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Stanford Medicine's Spring Edition Delves Into Vaccine Issues

The Stanford University School of Medicine's recently published spring edition of Stanford Medicine provides insight into many of the issues faced daily by vaccine advocates. The journal provides insightful information on numerous vaccine topics from ingredients to vaccine safety challenges to policy.

This special report, aptly titled, "Hot Shots: Vaccines Under the Gun" is prefaced with a letter written by Every Child By Two co-founder former first lady Rosalynn Carter. Mrs. Carter discusses the fact that in 2008, the U.S. experienced one of the largest measles outbreaks in over a decade. Mrs. Carter first responded to a measles outbreak in 1991 when she and former first lady of Arkansas Betty Bumpers started Every Child By Two.

Read Mrs. Carter's letter

Below are a few notable excerpts from the issue:

A Skeptical Public

Stanford Medicine lays out the issues the public health community faces as they seek to ensure that an increasingly skeptical public is protected from infectious disease. Jonathan Rabinovitz writes about the experiences of a family in Manchester, England who express grief over their decision not to vaccinate their daughter for measles as the child suffers. Mr. Rabinovitz chronicles the events that led to the family's decision to avoid vaccination beginning with the findings of Andrew Wakefield, "who has perhaps done more than any other doctor to create the current fears about vaccines and autism" after publishing faulty research in 1998, which spread like wildfire throughout the U.S. and Europe. 

Media's Role in Communicating Science

 "When Science Gets Hijacked" written by Dr. Nancy Snyderman, NBC News Chief Medical Editor, discusses the lasting impression of growing up in the 1950s during the polio epidemics as her father, a young surgeon, was "afraid to come home from the hospital, and afraid to hug us, wondering if he might be transporting death to his family." Dr. Snyderman describes why she avoided covering news related to autism after her initial report on the National Childhood Vaccine Injury Act for NBC's Today Show was met with much vitriol; however, one book written by a man whose "courage made me realize that none of us can afford to sit on the sidelines when science is hijacked" was the impetus for her return to reporting on this critical issue. That scientist was Dr. Paul Offit, author of Autism's False Prophets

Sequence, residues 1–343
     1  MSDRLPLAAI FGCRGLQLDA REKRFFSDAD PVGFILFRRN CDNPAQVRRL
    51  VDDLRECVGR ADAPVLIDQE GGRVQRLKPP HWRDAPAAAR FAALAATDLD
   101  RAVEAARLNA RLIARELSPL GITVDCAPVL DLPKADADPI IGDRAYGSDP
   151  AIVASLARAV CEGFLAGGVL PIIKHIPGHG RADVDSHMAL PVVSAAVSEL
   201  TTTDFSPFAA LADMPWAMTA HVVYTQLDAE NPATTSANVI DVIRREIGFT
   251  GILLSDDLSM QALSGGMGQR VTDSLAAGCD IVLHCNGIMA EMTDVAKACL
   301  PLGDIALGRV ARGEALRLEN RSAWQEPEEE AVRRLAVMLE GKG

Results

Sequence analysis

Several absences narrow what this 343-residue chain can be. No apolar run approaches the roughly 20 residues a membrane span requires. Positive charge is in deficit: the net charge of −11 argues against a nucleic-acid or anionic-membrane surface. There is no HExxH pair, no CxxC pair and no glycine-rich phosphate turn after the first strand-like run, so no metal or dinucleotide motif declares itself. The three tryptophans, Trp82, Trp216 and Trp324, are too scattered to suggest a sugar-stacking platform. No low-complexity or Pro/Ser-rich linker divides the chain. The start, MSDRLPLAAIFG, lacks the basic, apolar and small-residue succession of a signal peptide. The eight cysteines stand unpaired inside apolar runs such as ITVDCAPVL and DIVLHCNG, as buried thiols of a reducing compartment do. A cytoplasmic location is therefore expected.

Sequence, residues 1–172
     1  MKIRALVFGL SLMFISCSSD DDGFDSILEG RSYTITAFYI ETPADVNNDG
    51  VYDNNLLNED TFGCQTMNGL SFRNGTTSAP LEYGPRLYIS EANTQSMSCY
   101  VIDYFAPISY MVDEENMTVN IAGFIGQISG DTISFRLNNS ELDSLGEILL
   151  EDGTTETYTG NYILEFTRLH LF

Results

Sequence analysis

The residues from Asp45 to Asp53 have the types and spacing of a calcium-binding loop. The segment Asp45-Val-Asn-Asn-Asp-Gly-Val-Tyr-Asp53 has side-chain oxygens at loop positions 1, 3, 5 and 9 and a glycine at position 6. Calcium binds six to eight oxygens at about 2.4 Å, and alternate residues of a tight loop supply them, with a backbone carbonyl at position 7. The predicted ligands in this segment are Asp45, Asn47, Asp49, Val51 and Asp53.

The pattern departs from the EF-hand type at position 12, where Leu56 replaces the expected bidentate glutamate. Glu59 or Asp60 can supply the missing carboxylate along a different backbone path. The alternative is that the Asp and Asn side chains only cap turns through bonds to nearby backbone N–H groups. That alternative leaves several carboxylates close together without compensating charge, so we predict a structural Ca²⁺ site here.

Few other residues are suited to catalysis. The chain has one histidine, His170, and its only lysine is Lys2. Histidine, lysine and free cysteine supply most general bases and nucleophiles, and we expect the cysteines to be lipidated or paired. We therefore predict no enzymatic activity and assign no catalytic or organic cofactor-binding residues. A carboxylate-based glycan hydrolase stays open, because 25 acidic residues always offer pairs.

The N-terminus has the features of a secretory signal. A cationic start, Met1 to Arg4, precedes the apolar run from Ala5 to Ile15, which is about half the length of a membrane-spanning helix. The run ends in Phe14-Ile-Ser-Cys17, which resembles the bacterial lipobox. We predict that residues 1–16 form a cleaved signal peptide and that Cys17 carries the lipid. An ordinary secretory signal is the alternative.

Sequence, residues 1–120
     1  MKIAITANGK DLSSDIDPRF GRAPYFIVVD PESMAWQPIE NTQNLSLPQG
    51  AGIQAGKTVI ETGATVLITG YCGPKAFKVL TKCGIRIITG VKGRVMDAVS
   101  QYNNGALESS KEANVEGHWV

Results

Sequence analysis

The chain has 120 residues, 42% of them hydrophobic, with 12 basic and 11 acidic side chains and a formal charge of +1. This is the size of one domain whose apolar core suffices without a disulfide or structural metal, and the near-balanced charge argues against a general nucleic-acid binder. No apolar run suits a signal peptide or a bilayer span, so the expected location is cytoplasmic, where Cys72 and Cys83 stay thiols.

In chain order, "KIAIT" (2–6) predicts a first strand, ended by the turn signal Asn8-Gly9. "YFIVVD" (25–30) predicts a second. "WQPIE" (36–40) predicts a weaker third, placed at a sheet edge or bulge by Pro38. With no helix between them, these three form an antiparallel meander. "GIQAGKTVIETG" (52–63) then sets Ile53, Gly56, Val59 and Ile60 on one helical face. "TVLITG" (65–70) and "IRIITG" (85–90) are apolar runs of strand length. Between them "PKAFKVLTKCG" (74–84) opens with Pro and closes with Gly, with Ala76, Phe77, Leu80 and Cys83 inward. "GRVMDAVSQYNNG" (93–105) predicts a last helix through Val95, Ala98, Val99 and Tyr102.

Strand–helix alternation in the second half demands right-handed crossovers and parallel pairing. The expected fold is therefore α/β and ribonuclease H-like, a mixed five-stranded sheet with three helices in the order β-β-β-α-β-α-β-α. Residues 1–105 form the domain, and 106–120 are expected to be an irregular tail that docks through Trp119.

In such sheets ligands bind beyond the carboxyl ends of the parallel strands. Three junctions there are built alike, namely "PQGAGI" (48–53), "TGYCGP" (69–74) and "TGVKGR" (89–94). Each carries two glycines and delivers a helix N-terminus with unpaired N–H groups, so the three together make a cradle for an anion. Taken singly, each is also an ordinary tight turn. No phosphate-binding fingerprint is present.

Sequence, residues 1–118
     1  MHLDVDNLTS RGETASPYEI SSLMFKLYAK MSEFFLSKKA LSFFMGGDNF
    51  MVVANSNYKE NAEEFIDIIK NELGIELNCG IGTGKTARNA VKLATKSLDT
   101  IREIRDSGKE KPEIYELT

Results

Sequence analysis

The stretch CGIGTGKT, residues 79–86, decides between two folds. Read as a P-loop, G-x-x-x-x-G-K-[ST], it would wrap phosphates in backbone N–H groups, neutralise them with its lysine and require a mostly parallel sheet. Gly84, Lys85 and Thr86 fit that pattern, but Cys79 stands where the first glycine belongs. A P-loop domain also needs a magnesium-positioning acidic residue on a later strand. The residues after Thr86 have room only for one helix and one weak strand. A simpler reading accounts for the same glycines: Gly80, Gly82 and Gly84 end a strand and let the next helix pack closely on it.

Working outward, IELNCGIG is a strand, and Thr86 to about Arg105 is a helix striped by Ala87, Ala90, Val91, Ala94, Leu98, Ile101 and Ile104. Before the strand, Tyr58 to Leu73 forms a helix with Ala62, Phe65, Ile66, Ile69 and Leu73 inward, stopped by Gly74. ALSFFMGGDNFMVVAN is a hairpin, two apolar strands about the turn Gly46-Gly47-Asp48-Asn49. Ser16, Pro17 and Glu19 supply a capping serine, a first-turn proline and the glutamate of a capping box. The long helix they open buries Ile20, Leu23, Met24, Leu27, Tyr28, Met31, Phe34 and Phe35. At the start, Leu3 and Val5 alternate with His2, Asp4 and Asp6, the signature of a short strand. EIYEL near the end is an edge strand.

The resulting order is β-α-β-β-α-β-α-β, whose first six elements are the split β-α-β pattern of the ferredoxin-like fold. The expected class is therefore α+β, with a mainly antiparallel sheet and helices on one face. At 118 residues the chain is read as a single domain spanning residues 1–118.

Actor and Mother Amanda Peet Advocates for Vaccines

Every Child By Two's Vaccinate Your Baby campaign volunteer spokeswoman Amanda Peet provides insight into her courageous decision to counter the misleading beliefs in Hollywood. After consulting with medical experts, Ms. Peet decided to vaccinate her daughter and speak publicly about her trust in the science behind vaccines. Ms. Peet, while not well-versed in scientific methodology herself, puts her faith in the medical community and their research which has shown that vaccines are safe: "I think vaccine opponents don't want to talk about the data because they're hard to dispute.  It's hard to argue that reproducible, transparent data are biased – they're inherently unbiased."

For Further Information

Below is a link to the journal, whose readership includes medical schools administrators, health care journalists and other media, legislators, and medical researchers nationwide. 

Every Child By Two is proud to have been a part of this provocative and insightful publication and we encourage our readers to follow the link below to read each of the articles. 

http://stanmed.stanford.edu/2009spring/index.html